Patriarch Kirill said the current situation with immigration in Russia poses a serious challenge to the country’s culture and traditions
The head of the Russian Orthodox Church has expressed his concerns over the country’s influx of migrants, saying “the whole Russian world ‘is under threat’” until the country’s immigration policy is revised.
Patriarch Kirill said ethnic enclaves are emerging and actively developing in the largest cities of Russia, creating breeding grounds for corruption, organized crime and illegal immigration.
During the World Russian People’s Council, the patriarch said experience had proved that it was impossible to “come to terms with national diasporas and clans, who are ready not only to stand up for [one of their own] in order to save him from fair punishment under the law, but also to take revenge in every possible way on everyone who dares to appeal to law enforcement agencies when reporting a crime.”
The Patriarch suggested using the experience of other countries facing similar challenges in solving immigration problems. He has been critical of the idea of “embracing the consequences” of unregulated and unlimited arrivals, saying that many simply regard them as the side-effects of “the import of foreign labor” while admitting that it would be difficult for the Russian economy to cope with all the challenges it faces without the additions to the workforce.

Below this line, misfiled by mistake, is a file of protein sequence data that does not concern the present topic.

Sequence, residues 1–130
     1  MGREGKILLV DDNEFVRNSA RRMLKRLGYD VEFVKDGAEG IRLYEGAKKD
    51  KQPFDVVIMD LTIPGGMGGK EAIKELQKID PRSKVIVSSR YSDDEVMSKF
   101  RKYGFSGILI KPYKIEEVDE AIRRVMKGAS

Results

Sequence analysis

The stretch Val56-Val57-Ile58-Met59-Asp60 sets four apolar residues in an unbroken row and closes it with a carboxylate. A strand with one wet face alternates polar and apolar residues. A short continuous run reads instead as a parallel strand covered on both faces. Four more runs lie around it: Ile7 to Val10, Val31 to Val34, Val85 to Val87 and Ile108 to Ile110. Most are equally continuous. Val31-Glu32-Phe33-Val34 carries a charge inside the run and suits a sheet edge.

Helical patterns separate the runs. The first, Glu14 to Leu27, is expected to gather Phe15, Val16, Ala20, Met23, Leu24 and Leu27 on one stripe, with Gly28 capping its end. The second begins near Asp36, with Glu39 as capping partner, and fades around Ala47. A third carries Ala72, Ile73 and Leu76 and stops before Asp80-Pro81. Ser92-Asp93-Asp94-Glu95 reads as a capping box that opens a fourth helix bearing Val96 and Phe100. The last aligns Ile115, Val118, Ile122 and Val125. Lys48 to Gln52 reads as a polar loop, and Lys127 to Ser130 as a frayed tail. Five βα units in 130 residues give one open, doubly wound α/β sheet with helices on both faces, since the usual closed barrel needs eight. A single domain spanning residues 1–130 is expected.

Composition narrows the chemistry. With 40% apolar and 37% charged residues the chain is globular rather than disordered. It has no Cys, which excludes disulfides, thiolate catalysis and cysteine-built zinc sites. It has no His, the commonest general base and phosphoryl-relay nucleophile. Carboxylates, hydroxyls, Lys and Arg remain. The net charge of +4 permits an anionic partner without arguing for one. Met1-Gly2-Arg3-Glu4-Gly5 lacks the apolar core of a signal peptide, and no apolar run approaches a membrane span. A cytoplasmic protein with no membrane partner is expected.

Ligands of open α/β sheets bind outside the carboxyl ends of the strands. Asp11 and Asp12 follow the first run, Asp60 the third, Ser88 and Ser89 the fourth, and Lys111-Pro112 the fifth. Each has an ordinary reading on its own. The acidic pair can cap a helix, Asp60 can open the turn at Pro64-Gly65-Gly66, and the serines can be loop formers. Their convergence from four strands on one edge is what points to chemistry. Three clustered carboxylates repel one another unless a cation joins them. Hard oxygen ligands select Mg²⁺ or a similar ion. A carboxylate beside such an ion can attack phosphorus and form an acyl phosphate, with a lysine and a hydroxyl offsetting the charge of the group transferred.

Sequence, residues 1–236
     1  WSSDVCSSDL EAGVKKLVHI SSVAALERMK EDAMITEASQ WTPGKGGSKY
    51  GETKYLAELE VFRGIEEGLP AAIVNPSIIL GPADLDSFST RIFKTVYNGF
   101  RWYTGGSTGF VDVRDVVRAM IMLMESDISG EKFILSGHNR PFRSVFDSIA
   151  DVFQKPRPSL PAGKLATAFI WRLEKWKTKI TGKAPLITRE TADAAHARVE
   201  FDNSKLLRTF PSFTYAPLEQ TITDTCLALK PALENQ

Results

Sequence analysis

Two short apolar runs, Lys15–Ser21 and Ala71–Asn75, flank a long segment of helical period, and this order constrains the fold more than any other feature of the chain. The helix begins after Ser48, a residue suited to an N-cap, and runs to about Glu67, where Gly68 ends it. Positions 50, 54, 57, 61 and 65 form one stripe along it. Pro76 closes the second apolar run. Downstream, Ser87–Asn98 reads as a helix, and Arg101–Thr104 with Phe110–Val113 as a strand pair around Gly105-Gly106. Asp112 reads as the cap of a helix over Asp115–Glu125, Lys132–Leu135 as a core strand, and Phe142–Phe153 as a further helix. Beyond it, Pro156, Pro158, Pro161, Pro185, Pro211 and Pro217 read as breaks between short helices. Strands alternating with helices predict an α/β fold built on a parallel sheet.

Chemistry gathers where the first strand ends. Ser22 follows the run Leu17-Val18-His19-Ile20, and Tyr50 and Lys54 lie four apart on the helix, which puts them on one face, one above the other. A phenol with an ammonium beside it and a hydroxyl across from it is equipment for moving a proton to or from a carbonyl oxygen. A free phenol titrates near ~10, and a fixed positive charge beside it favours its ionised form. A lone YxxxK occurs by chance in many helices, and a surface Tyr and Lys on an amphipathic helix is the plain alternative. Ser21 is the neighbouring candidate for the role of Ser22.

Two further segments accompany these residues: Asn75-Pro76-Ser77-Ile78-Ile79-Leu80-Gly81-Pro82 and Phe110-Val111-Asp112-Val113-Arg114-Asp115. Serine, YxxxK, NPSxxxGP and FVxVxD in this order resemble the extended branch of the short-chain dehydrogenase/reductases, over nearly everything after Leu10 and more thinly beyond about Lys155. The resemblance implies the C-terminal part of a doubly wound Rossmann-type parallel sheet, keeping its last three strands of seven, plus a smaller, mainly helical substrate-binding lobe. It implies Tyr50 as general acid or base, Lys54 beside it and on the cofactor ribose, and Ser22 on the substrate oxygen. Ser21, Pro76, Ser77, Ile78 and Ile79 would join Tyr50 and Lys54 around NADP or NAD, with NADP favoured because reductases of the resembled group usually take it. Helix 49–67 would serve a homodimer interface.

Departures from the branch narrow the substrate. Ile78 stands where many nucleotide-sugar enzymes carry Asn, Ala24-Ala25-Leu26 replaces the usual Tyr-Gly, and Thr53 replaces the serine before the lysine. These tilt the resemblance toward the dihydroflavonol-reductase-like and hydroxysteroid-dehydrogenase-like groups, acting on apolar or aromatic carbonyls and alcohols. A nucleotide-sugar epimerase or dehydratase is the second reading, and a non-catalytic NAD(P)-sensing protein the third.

He said that the unregulated mass influx of migrants who don’t speak Russian, lack proper understanding of the country’s history and culture, traditions and customs, and are therefore unable and often unwilling to integrate into Russian society end up altering the looks of Russian cities, leading to the deformation of the legal, cultural and linguistic norms of the country.
The Patriarch has also emphasized that even a Russian passport does not exempt immigrants from the need to respect Russian society and traditions.
Earlier on Tuesday, special representative of the State Duma on migration and citizenship Konstantin Zatulin said Russia needs migrants, including from Central Asia and the Caucasus. According to him, there are two approaches to migration in the country. “The first viewpoint is to close the borders and immediately ban all migration. The second is to actively attract visitors from other countries as a workforce. The Russian government and business share the second approach,” he emphasized. “Let’s understand: we can’t do without them. There are 72 million workers in Russia today. Of them 3 million are official migrants. More than 2 million jobs are still vacant.”
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